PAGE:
Past Reviews

Regional Reviews: San Diego

A Little Night Music
Cygnet Theatre
Review by David Dixon | Season Schedule

Karole Foreman and Sean Murray
Photo by Daren Scott
Stephen Sondheim is generally praised by critics and audiences alike because of his unforgettable melodies and clever lyrics. His tunes are so memorable and influential that many theatregoers can take the often-brilliant books that inspire his shows for granted. A Little Night Music is a strong example where Sondheim's music and Hugh Wheeler's dialogue are skillfully balanced to tell a story about desire and romance. Based on Ingmar Bergman's comedy, Smiles of a Summer Night, the musical presents the lives of generally sexually-frustrated people in Sweden at the turn of the 20th century. Cygnet Theatre's production in Old Town is equally engaging, whether it is through the dialogue of the Bergman-inspired upper-class Europeans, or the manner in which they express their inner emotions through song.

The different connections that exist in the script are complicated, to say the least. Frederik Egerman (Artistic Director Sean Murray), a widowed lawyer, is unhappily married to his 18-year-old virgin wife Anne (Katie Sapper). While both seem to care a lot about each other, Anne isn't ready to be intimate with her husband. Frederik decides to take Anne to see a play starring his former lover, Desiree Armfeldt (Karole Foreman). After Frederik and Desiree reconnect, they find themselves still attracted to each other. What follows is a mostly comical series of events that involve Frederick's gloomy son Henrik (Nick Eiter), Desiree's knowledgeable daughter Fredrika (Ava Harris and Faith Nibbe, who alternate during certain performances), her bright and regretful mother Madame Armfeldt (Anise Ritchie), the dangerously jealous Count Carl-Magnus Malcolm (David S. Humphrey), and his unhappy wife Charlotte (Sandy Campbell).

Murray knows A Little Night Music very well, mainly because he directed and starred in a version with pre-recorded music at the same San Diego venue ten years ago. His latest stab at the material uses several new cast/crew members and a live orchestra conduced by musical director/pianist Terry O'Donnell. The musicians, including violinist Sean Laperruque, cellist Sharon Taylor, and bassist Grant Clarkson, play the 3/4-time compositions such as "The Glamorous Life" and "Perpetual Anticipation" in a style that allows audiences to further appreciate Sondheim's gift for meticulous harmonies. If Chad Lee Thymes' miking felt like it was still being fine-tuned on opening night, the music from the orchestra and the vocals of artists such as Eiter, Ritchie, Humphrey, Campbell, Sapper and Megan Carmitchel as the lustful maid Petra were universally in sync and polished. Foreman and Murray express remorse and dissatisfaction during a couple of moving and humorous solos and duets, such as "Now," "You Must Meet My Wife," and "Send in the Clowns."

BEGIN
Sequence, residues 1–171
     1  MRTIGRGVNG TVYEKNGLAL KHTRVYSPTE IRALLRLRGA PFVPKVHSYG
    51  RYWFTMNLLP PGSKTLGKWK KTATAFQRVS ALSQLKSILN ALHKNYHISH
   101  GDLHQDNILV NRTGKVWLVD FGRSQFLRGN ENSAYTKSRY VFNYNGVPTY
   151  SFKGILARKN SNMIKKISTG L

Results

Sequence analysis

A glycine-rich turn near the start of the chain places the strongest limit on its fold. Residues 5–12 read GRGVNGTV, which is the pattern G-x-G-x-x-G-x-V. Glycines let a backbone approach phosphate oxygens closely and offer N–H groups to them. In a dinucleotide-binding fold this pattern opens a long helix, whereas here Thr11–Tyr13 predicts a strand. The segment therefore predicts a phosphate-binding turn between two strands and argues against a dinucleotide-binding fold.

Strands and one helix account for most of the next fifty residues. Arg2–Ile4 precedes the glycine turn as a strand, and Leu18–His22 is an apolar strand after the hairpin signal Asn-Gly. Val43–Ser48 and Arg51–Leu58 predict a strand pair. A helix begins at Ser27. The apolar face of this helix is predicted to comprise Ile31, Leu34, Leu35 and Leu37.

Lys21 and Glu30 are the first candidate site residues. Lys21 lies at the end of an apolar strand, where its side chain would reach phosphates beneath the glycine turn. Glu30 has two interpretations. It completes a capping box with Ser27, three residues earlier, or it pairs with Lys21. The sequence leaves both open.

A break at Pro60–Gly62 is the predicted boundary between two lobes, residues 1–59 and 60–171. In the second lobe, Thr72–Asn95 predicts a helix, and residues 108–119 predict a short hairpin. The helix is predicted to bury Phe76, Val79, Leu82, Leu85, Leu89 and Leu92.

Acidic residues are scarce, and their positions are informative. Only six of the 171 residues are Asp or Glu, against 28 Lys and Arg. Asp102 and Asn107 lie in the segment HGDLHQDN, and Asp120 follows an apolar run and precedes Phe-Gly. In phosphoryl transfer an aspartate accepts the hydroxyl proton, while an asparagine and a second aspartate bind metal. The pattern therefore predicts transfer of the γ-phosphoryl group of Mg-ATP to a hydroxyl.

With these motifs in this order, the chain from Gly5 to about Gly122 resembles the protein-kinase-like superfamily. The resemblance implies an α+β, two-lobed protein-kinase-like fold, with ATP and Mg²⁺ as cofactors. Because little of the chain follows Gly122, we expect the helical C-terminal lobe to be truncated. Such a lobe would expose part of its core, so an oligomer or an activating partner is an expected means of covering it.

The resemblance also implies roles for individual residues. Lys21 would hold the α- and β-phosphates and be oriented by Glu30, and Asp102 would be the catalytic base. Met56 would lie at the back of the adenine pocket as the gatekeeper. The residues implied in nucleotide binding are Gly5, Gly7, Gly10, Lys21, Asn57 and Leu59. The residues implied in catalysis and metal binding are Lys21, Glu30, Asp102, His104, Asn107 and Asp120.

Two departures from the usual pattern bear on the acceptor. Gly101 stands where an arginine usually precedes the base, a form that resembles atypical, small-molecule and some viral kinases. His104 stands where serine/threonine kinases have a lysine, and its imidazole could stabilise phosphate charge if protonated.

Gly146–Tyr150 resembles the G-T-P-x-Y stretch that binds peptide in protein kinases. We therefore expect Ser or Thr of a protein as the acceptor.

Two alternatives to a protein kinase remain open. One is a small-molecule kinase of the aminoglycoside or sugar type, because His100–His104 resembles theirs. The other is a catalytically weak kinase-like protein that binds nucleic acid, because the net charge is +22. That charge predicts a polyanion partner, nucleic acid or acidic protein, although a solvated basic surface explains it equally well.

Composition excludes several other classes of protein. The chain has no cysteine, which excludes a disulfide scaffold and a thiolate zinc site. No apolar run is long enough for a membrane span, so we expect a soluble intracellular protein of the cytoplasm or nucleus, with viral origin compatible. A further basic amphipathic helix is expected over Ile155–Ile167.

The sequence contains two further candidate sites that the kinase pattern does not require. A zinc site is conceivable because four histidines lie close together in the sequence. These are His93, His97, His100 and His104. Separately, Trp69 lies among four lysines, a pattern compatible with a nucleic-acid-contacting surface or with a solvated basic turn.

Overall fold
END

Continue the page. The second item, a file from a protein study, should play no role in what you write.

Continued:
Murray as a storyteller is just as comfortable directing an ensemble number as he is orchestrating a comically tense dialogue-heavy dinner party. He gradually builds up the conflicts that occur throughout the nearly three-hour evening, making the big moments in act two more powerful. Many of the crewmembers participate in enhancing the impact of the story. David Brannen's choreography, for example, showcases the relationships between various couples, while Chris Rynne's lighting is used to symbolize the romantic tension between Desiree and Frederick. There's an ironic aspect about Jeanne Reith's costumes, as the well-dressed adults are often involved in situations that aren't very elegant or civilized. Sean Fanning's set is more intimate than one might expect for this particular show, yet certain details, such as a model mansion and birch trees, contribute greatly to the overall atmosphere.

Sondheim and Wheeler take a group of Swedes who might appear unsympathetic on paper, and make their conflicts feel identifiable. Whether Madame Armfeldt is discussing a personal memory involving a wooden ring, or Desiree and Frederik talk to each other about their lives, many moments draw the audience closer to the major characters. Sondheim and Wheeler treat the lovesick individuals with plenty of empathy. Even the buffoonish Carl-Magnus is given respect and care.

Featuring some of Sondheim's most unforgettable tunes and Wheeler's smart dialogue, Murray's revisiting of A Little Night Music offers a touching experience. Cygnet's latest version of the 1970s show is about as satisfying as a theatre fan could hope for.

Cygnet Theatre presents A Little Night Music through April 22, 2018, at 4040 Twiggs St, San Diego CA. Performs Sundays through Saturdays. Tickets start at $43.00 and can be purchased online at or by phone at 619-337-1525.